Traditionally, keeping track of patient’s health care was archaic, yet simple. The doctor analyzed the patient with his own eyes and recorded all of the details with his own hand. This process was time consuming but it allowed doctors to keep proper track of their patients in paper files. Whenever patients visit them again, they used to take out that file and again analyze the changes to determine whether the patient has improved or not. 

Now, this traditional tracking is replaced with Electronic Medical Record (EMR) where the patient’s data is recorded digitally in a software. There are built-in templates which allow doctors and receptionists to record the patient’s data paperlessly and store it easily. This digitization of patient records has transformed the hospitals’ work efficiency completely and has made them more optimized. 

However, Medical record keeping softwares provides only calculated results as compared to EHR because they lack artificial intelligence. Moreover, this softwares also costs people more money. That’s why the popularity of EMR is decreasing in hospitals and people are shifting to EHRs.

The difference between EHR and EMR is that an EMR provides a more limited perspective of a patient’s medical history, whereas an EHR provides a more comprehensive view.

Let’s see briefly what EMR is and why people are moving away from it now?

What is EMR?

EMR is Electronic Medical Records of patients. These records serve as e-chart of patients in hospitals and healthcare centers. The healthcare experts use this medical history to track patient’s data and determine when is the time for patient recheck-up, which medications need to be changed after a particular time and optimize the patient health care cycle in hospitals. 

Why is EMR getting Extinct?

When EMR was first introduced in hospitals, they gained popularity. Almost every health care center adopted this technology to streamline their patient’s check up and other tracking tasks. Later on, when patients fail to get their desired treatment as these softwares were not keeping most personalized tracking of patients health, the popularity of these EMR decreases. Hospitals started to step back from EMR’s which started its extinction. Here we have discussed in detail what factors cause EMR to get extinct.

  • Increased Start-up Cost

Previously, patient information was kept in simple files and on paper. With EMRs, software must be purchased, and a professional IT team must be hired to operate these complex softwares. That’s why hospital owners have to pay more to these IT teams to train their staff so they may learn how to operate the software.

Patients must pay more as a result of the increased costs, which drives them to other medical facilities. As a result, these EMRs may have an impact on your healthcare business. Many businesses are removing EMRs due to the disadvantage of increased cost.

  • Not Appropriate Records Of Patients

The key factor determining a hospital’s credibility is how well it treats its patients. EMR in hospitals necessitates constant data entry into software. There is a possibility that the patient has entered a transitional state and his old health records have not yet been updated in the software. The patient may not receive appropriate care as a result of the delay resulting in the decline of  EMRs in hospitals.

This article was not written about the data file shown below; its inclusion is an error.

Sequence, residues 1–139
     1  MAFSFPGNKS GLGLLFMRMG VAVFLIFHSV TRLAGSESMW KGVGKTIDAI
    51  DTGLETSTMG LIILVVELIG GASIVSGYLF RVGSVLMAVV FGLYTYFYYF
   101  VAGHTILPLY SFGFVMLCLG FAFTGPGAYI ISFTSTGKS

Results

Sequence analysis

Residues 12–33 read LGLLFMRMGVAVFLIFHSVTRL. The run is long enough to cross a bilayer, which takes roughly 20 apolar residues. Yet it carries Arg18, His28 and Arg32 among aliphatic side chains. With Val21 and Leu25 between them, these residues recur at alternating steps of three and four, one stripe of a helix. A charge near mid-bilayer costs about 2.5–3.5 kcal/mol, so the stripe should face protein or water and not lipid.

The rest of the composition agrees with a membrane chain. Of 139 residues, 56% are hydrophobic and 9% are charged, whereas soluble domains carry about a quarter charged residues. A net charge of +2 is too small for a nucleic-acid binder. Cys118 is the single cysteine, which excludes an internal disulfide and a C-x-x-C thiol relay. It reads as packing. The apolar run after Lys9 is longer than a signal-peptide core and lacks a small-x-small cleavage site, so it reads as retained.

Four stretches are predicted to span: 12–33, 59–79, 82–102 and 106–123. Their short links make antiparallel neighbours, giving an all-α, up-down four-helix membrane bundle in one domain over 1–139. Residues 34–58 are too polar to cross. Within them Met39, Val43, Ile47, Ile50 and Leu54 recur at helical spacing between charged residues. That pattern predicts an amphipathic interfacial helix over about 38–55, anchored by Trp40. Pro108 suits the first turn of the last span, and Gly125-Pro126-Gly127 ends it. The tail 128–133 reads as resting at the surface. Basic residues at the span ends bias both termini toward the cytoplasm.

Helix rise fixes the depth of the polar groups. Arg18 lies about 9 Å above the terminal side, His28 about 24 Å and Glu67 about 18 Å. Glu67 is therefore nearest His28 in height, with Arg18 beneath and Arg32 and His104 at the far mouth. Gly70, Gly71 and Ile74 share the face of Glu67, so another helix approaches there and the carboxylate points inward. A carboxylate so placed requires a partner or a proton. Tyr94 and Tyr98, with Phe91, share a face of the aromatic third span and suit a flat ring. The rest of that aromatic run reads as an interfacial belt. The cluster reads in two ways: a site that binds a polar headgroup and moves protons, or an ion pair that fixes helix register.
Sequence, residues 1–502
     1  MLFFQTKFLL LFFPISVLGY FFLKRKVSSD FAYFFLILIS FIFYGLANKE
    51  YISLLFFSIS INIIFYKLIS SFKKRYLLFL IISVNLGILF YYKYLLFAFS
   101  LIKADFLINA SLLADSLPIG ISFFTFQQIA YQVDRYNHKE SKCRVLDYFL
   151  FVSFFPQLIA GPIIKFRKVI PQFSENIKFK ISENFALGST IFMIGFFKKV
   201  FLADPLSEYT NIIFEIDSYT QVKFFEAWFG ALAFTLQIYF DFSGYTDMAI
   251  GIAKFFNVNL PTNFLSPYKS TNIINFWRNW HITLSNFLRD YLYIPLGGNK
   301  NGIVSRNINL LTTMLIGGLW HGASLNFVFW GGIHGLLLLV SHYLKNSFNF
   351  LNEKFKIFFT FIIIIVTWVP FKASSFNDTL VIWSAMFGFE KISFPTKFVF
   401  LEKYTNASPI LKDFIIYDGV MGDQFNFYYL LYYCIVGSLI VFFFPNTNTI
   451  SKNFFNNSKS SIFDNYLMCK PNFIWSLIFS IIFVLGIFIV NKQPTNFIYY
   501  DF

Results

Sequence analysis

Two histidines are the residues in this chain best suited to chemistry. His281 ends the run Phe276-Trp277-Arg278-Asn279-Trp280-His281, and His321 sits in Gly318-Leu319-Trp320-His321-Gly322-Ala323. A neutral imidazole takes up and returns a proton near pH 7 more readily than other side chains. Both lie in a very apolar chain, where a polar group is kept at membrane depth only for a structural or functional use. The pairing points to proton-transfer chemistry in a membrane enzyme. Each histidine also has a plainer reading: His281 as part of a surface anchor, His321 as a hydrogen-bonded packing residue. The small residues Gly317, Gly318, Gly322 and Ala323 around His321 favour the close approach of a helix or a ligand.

•  Disturbing Health Experts’ Concentration

When patients go to the doctor for a checkup, they have a time limit. Because most doctors and other health professionals are unfamiliar with data entry and other IT requests, they are easily diverted from patient examinations. Although many hospitals have assigned a personal IT expert to each doctor, this service is not available in every hospital. As a result, many hospitals are now opting to return to traditional patient record monitoring or find another useful method in place of EMR.

  • Down Timing

Computers and software are efficient, but if they freeze or malfunction, the entire healthcare software may also freeze. If there is a power outage or your software has been corrupted with a virus, all of your data can be erased, which means no previous history records of your routine patients. This can be extremely damaging to any health-care business. As a result, hospitals must always keep a backup of their patients’ records. The only way to accomplish this is to maintain a physical record, which EMR cannot provide.

  • No Coordination In Health Workers

There is no single system for electronic medical records. The only way to streamline patient care is to use one system since multiple systems might not interact with each other. If the hospital uses a different EMR system than your general practitioner, health records may be unavailable to the hospital or vice versa. 

No matter Electronic medical records may reduce office paperwork, but the lack of coordination among multiple treating physicians, pharmacies, and allied health workers is a serious issue. Due to this issue, EMRs are getting extinct from various health care centers. 

  • Security Risks

Some patients are concerned about the security and confidentiality of their electronic medical records. Despite security precautions, hackers may eventually be able to breach EMRs and release your patients’ confidential information to others. So, no matter how strong your EMR software is, it’s always at the risk of hacking. Moreover, hackers may also temper the data of a patient’s record. To avoid this situation, the use of EMRs in hospitals is getting low. 

Final Thoughts

EMRs have some benefits to optimize medical workflow but due to their drawbacks, many health experts are shifting towards EHRs. These Electronic Health Records are far more efficient than EMRs. With a wide range of capabilities required, EHRs frequently have IT support to ensure the programmes run as smoothly as possible. All of these advanced capabilities are gradually rendering EMRs outdated.